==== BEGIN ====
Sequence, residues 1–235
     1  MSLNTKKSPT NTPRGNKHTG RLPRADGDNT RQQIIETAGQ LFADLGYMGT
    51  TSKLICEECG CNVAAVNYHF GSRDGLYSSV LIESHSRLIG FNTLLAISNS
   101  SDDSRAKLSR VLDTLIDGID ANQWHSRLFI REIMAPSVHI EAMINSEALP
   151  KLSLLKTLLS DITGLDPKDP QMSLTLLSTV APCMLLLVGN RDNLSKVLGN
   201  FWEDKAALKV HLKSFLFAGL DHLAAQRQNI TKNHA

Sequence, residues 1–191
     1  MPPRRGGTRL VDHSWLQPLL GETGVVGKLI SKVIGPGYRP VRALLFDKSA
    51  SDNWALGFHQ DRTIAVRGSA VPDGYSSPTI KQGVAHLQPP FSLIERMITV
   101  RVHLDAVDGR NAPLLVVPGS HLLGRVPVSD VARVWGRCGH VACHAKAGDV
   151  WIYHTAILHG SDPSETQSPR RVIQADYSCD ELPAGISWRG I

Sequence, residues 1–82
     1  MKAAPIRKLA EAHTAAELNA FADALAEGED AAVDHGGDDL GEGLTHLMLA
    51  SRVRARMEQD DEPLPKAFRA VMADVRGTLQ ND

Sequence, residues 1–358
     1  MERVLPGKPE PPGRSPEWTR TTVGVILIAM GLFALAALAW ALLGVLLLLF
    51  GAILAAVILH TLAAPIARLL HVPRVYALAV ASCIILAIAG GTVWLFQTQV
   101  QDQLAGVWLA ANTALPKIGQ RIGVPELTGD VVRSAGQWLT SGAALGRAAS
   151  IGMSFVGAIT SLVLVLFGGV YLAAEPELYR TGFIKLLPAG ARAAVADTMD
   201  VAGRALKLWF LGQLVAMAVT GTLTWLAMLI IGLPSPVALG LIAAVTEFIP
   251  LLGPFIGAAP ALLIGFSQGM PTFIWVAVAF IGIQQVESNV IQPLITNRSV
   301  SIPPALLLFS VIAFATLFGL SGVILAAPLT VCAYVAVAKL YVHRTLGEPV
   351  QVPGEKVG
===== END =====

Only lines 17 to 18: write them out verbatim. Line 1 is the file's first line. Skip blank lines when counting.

    51  GAILAAVILH TLAAPIARLL HVPRVYALAV ASCIILAIAG GTVWLFQTQV
   101  QDQLAGVWLA ANTALPKIGQ RIGVPELTGD VVRSAGQWLT SGAALGRAAS